Florida’s senate passes bill to block local regulations protecting workers from heat

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Florida’s Senate on Tuesday approved a bill that would ban cities and counties from adopting requirements for mandatory water breaks and other workplace protections against extreme heat.

The Republican-controlled Senate voted 28-11, along party lines, to pass Senate Bill 1492, which would prohibit local governments from determining workplace heat standards that go beyond those required by federal law. In effect, the bill would strip cities and counties of the ability to require water breaks for workers and time to rest in the shade throughout the day.

The state legislation comes after the planet notched its hottest year in recorded history in 2023. Nearly the entire southern portion of the United States last summer suffered weeks on end of oppressive humidity and triple-digit temperatures in a series of long-lasting heat waves that climate scientists said were intensified by global warming.

Supporters of Senate Bill 1492 said the measure will help establish uniform regulations, rather than having rules applied inconsistently across the state.

But labor organizations have said workplace heat standards are necessary to keep people safe, particularly for individuals who work in construction, agriculture and other industries that require them to be outside.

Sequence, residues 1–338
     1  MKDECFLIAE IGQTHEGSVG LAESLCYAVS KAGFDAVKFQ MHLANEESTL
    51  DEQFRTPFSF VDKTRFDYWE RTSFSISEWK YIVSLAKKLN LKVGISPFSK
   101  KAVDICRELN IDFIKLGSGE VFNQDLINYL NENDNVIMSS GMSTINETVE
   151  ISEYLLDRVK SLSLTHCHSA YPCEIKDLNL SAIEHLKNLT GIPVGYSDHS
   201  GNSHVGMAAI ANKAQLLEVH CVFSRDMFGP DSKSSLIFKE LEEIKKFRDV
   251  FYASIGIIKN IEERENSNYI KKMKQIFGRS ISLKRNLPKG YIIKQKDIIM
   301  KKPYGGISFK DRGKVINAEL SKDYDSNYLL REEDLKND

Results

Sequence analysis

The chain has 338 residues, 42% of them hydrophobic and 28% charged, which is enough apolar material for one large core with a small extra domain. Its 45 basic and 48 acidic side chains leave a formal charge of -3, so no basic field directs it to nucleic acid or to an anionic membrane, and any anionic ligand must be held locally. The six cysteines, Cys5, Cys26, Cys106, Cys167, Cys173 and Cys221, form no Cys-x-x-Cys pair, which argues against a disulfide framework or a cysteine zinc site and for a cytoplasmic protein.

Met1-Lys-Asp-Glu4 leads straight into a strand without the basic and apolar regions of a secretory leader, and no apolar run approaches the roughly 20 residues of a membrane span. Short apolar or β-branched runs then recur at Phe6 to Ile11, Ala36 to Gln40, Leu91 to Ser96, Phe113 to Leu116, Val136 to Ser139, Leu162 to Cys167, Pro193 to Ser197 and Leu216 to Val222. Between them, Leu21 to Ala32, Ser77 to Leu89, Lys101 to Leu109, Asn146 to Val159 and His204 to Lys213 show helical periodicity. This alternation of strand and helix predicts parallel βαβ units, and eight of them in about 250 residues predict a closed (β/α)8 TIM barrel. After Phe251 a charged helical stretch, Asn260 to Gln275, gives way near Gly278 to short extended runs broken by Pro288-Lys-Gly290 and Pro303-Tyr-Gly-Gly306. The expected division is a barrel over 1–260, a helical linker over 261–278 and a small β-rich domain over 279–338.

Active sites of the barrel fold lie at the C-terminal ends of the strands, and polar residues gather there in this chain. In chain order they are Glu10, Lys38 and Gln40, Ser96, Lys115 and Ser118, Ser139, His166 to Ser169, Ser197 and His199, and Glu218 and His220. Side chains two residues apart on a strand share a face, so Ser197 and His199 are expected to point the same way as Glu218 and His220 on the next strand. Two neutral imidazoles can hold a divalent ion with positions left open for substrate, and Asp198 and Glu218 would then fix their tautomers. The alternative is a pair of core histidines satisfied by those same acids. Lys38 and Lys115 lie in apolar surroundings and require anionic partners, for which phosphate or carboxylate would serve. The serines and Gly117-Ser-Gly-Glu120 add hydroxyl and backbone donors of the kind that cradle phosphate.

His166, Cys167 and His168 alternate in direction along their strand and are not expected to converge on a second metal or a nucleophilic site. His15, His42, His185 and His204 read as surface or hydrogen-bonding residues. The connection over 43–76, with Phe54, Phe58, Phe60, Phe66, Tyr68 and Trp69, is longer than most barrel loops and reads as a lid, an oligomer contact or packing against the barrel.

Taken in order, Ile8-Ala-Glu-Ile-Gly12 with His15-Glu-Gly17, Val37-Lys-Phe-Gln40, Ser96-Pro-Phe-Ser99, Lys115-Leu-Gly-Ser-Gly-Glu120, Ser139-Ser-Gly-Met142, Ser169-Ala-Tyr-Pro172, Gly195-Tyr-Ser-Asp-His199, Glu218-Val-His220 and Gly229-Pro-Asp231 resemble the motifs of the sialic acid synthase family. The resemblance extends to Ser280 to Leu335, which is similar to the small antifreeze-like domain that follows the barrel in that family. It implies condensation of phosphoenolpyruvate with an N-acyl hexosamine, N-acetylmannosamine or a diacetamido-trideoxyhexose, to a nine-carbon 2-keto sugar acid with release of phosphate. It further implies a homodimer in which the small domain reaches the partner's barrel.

Similar legislation was passed last year in Texas, as part of a state law that limited local governments from, among other things, establishing ordinances for mandatory water breaks and time in the shade for outdoor workers.

Heat causes more deaths in the U.S. each year than any other weather event, according to the National Weather Service, and outdoor workers are among those most vulnerable to heat-related illness and death when temperatures spike.

In addition to water and shade breaks, the local heat protections banned under Senate Bill 1492 would include heat-exposure training programs, protections for employees who report issues related to excessive heat exposure and record-keeping requirements related to heat exposure.

Under the state legislation, businesses would follow general rules set by the federal Occupational Safety and Health Administration. While the agency recognizes extreme heat as a workplace hazard, OSHA has not yet issued specific federal rules to protect workers from dangerously high temperatures.

The bill awaits final approval in the House before heading to Gov. Ron DeSantis. If signed into law, it would take effect July 1.

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